Sunday, June 14, 2009

Bride of the Gorilla (1951)

...aka: Face in the Water, The

Directed by:
Curt Siodmak

If the stock footage of monkeys, a black panther, a leopard, a komodo dragon and an anaconda (most of which don't even reside on the same continent, let alone the same jungle) isn't enough to clue us in, the narrator makes sure to insult our intelligence even further with the first three words out of his mouth: "This. Is. Jungle." Yes kids, this is the jungle, where our wise doctor hero anticipates the overheated melodrama we are about to see when he proclaims "White people shouldn't live too long in the jungle." Klaas Van Gelder (Paul Cavanagh) is one such man who's been in the jungle too long. Busy with his books and plantation, his health has taken a hit and he's been a bit neglectful of his much-younger blonde wife Dina (Barbara Payton), who's forced to spend her evenings all alone. The marriage is on the rocks but things start getting more complicated once Klaas realizes that Dina is attracted to macho Barney Chavez (Raymond Burr), who's been hired to run the plantation, and vice versa. He fires Barney and insist he leave his home immediately. Later that night while no one else is around, punches are traded and Barney knocks Klaas to the ground, where a venomous snake bites and kills him.

Klaas' elderly, eavesdropping female servant Al-Long (Gisela Werbisek) witnesses Klaas' death and decides to get revenge on Barney, and not just for killing her employer, but also for jilting her daughter Larina (Carol Varga), who'd fallen in love with the brutish Barney only to be pushed away for the other woman. Using leaves from "the plant of evil," which is toxic and illegal in those parts, Al-Long is able to place the curse of the beast on Barney. It isn't long after Klaas' death, which is officially written off as an accident, that Dina and Barney plan to be married. Dr. Viet (Tom Conway), who's skeptical that his friend Klaus' death was accidental (and is ALSO in love with Dina), along with Police Commissioner Taro (Lon Chaney Jr.), who was born and bred in the area but spent so much time away at university he now feels out of touch with the superstitions of his native land, decide to investigate matters. Barney starts behaving strangely and wanders off into the jungle at night, sometimes returning days later a blubbering, hysterical mess. All the while, animals in the area are turning up dead and natives report sightings of a "sukara;" a hairy, clawed, ape-like jungle demon.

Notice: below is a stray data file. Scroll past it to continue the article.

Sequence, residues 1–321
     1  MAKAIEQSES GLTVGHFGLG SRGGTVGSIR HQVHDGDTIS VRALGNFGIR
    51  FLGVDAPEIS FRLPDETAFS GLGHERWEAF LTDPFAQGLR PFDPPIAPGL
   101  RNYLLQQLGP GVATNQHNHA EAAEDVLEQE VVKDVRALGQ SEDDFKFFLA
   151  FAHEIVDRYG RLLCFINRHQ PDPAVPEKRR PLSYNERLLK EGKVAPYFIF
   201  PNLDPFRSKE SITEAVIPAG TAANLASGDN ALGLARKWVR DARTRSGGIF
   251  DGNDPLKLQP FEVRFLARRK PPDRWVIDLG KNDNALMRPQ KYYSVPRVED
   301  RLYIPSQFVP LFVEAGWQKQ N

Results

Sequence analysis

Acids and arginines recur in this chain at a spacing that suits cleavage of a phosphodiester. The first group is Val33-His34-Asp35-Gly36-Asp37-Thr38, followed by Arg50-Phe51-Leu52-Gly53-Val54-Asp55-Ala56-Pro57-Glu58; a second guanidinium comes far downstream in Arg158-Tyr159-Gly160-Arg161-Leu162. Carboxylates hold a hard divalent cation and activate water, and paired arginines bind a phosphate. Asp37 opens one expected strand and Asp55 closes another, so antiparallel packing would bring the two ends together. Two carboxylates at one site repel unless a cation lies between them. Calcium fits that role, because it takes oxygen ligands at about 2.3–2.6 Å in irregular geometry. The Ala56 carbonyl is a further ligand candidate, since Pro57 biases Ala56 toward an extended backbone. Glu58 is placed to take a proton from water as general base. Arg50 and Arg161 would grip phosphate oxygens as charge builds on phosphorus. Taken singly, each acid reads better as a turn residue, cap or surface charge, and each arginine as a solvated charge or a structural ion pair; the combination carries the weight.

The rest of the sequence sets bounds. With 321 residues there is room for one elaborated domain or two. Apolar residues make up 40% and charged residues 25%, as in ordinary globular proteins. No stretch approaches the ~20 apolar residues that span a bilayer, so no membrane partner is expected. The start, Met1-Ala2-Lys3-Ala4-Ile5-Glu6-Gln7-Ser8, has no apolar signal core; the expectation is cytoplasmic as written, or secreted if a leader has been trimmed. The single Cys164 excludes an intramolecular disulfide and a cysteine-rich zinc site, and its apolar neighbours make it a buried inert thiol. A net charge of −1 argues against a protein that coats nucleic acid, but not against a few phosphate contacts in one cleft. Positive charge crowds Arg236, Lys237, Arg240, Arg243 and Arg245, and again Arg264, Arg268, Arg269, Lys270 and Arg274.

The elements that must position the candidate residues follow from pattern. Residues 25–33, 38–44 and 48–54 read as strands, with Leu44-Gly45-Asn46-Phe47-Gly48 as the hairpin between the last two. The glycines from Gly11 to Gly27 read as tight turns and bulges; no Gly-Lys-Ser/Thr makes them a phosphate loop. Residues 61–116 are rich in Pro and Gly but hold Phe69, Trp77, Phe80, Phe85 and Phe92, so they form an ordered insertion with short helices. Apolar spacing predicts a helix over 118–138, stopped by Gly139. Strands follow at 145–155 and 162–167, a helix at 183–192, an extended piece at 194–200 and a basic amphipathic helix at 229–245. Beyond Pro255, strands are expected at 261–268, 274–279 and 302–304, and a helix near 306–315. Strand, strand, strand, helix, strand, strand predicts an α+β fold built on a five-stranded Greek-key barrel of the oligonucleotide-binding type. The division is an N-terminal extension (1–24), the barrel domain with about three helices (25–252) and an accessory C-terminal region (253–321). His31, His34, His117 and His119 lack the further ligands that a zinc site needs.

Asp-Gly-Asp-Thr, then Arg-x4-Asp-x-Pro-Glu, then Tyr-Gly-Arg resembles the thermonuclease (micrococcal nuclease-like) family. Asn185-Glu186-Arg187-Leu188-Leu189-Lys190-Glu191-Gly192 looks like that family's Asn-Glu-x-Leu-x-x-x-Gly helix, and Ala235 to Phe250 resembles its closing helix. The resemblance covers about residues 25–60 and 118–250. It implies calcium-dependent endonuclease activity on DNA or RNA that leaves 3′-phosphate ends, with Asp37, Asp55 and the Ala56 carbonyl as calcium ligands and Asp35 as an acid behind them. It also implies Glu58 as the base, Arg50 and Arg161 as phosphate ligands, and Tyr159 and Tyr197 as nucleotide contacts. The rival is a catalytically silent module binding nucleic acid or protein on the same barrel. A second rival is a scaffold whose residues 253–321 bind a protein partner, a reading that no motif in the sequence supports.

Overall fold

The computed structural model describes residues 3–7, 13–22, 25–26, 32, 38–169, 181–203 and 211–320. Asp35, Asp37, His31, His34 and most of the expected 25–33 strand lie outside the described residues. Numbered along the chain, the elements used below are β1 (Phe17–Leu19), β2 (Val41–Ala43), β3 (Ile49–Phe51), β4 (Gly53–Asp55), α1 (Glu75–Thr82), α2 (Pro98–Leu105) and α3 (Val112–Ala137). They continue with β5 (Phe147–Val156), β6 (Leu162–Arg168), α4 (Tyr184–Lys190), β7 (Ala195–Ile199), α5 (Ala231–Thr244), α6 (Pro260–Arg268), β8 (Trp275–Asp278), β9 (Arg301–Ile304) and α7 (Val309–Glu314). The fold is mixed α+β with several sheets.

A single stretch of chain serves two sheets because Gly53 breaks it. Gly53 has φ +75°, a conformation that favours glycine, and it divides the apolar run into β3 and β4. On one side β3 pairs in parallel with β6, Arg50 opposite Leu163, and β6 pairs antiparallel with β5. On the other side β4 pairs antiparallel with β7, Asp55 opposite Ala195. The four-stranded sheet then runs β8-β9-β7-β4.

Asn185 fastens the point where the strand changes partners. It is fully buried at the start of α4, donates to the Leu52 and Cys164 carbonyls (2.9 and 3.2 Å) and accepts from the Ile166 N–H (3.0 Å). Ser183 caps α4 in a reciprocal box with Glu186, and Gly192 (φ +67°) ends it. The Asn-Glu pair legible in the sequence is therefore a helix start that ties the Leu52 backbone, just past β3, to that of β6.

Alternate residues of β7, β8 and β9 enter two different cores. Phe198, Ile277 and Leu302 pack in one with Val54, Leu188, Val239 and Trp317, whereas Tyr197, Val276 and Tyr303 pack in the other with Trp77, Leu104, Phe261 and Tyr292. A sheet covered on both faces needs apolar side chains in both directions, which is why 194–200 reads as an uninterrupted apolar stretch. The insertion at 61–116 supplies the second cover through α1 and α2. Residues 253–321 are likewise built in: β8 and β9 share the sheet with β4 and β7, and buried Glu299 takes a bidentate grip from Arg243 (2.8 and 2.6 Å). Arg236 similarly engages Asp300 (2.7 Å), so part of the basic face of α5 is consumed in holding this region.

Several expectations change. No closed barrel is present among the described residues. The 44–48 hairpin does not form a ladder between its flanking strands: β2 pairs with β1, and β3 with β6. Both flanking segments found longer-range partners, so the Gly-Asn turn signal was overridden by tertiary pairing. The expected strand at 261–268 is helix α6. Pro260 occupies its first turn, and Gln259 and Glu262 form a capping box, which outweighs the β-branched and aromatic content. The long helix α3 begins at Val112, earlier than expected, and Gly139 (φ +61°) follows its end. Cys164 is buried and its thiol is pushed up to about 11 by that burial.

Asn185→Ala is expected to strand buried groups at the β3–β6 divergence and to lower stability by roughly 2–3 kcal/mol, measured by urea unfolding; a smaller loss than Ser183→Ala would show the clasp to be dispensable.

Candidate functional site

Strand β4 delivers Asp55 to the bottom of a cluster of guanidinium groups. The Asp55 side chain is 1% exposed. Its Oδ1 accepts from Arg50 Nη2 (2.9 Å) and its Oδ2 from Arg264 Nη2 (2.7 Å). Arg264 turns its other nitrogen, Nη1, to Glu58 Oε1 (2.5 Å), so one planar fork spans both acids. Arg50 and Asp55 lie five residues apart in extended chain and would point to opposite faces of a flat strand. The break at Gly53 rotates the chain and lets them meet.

This 'B' programmer falls into one of those weird gray areas between semi-respectable and all out camp. It's made with enough basic skill to avoid being an unintentional laugh riot, yet it's not made well-enough to be a low-budget diamond in the rough. In other words, those looking for their next camp classic are better off looking elsewhere. The acting is fine, the dialogue is somewhat sober and there's a fair - though not very original - storyline. On the downside, there's not nearly enough monkey action. In fact, the "gorilla" is only seen a couple of times and it's usually upside down reflected in a pool of water. It also only runs 65 minutes, which apparently wasn't enough time to come up with a half-way decent ending (the one it's saddled with now is pretty anti-climactic). There's next to no suspense, very little horror, action or excitement; just lots of talk really.

I suppose Conway - who'd starred in the excellent Val Lewton productions CAT PEOPLE and I WALKED WITH A ZOMBIE less than a decade earlier (in 1943) - is "slumming" in this one, but he's fine in his role. Ditto for very attractive, ill-fated starlet Payton (who was romantically linked to Conway for a brief time off-screen), aging horror king Chaney and future Perry Mason Burr (who'd return for more gorilla fun in 1954's GORILLA AT LARGE and face an even more threatening monster in GODZILLA, KING OF THE MONSTERS a few years later). A young Woody Strode (whom Payton was also romantically linked to!) has one scene as a policeman. Director Siodmak (who also scripted) would revisit the Amazon (or at least jungle sets posing as such) with CURUCU, BEAST OF THE AMAZON (1956).

An easy-to-find public domain title, this has been released on multi-movie packs for years.


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